Malpighia glabra L.
In the book Frutas Brasil Frutas, authors Silvestre Silva and Helena Tassara claim that the small Barbados cherry – or acerola – with 1-2 inches in diameter, has a birth date in Brazil: it arrived from Puerto Rico in 1956, in the luggage of a professor from Pernambuco. Since then, the cultivation of this plant, native to Central America, has spread through the Northeast. Also called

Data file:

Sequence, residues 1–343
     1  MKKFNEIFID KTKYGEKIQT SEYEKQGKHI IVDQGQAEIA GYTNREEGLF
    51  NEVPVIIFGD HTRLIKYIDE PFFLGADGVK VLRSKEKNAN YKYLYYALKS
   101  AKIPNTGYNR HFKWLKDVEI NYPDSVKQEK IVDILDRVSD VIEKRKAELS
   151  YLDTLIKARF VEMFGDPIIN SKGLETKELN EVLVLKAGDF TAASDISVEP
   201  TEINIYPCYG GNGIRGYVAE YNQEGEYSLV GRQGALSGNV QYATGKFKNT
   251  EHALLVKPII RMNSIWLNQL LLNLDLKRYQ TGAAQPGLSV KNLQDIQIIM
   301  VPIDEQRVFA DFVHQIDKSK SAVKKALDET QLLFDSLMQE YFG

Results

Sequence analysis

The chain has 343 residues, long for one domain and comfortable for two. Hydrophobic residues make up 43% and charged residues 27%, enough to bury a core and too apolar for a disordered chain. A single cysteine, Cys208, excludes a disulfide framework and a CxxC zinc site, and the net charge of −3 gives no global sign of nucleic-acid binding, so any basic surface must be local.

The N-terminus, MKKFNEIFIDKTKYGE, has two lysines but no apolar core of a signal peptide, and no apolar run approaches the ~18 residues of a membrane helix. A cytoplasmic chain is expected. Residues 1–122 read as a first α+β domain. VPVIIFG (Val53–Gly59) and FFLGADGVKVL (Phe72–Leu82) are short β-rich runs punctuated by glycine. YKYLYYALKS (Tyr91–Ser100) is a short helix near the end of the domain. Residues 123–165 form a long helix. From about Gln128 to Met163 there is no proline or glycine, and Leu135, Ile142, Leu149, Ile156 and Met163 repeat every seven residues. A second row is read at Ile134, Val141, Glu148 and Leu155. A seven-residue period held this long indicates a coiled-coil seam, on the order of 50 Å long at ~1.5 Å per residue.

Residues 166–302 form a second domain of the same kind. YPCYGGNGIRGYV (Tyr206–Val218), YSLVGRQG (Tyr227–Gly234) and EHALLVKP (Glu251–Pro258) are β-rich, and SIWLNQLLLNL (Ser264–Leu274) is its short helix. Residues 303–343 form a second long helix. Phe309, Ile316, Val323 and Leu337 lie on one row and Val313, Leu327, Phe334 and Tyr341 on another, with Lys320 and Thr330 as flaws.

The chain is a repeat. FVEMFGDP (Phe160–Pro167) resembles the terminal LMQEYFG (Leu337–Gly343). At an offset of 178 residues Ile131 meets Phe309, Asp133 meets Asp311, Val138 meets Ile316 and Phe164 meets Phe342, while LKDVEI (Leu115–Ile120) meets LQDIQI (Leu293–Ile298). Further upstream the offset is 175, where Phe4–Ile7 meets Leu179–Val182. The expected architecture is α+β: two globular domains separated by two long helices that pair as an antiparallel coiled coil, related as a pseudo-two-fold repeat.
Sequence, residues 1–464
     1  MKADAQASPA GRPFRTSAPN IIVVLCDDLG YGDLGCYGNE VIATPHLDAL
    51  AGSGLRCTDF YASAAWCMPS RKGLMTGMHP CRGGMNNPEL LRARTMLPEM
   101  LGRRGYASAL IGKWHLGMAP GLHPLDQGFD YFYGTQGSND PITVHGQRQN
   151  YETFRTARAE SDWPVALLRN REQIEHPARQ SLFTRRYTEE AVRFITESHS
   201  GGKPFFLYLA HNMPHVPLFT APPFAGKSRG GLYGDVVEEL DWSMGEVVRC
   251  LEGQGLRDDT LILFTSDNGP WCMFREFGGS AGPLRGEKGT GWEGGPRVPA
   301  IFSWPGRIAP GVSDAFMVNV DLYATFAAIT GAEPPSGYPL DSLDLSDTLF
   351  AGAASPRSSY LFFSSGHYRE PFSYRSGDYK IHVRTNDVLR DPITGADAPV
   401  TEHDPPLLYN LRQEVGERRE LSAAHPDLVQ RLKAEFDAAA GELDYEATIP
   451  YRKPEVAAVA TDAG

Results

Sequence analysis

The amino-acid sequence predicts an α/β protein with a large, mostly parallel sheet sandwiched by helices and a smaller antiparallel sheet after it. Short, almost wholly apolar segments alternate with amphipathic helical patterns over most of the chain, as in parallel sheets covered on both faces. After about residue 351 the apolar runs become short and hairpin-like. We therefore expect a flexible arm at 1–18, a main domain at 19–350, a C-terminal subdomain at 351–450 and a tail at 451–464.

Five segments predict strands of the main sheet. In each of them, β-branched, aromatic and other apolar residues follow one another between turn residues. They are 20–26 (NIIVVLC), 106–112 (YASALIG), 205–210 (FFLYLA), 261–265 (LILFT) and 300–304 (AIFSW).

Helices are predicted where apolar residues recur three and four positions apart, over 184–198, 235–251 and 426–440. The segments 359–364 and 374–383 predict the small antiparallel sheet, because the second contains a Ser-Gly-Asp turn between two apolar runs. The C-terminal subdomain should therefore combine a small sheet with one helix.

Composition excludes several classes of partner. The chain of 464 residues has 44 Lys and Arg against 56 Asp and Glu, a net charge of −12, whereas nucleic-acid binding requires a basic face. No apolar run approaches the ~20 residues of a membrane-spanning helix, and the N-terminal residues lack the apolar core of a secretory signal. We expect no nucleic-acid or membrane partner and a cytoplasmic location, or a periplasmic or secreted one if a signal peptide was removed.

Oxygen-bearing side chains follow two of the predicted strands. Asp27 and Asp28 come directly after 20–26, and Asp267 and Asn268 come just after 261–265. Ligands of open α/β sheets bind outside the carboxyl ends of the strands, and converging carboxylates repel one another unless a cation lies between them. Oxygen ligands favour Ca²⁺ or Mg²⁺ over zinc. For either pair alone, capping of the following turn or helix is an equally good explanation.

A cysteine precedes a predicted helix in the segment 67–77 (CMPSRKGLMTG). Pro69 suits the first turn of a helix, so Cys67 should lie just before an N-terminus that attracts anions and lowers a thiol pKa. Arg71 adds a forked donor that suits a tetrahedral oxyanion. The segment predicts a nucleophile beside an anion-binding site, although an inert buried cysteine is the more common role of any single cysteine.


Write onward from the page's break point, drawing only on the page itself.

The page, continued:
West Indian cherry and wild crepe myrtle, this acid fruit has red skin and orange flesh, and is astonishingly high in vitamin C: with up to 100 times more than an orange or a lemon. Due to the nutritional properties of the fruit and the varied culinary uses (e.g. juices, ice creams, preserves, jams, custards and sauces), the commercialization of the frozen pulp flourished in the last decades of the twentieth century in Brazil.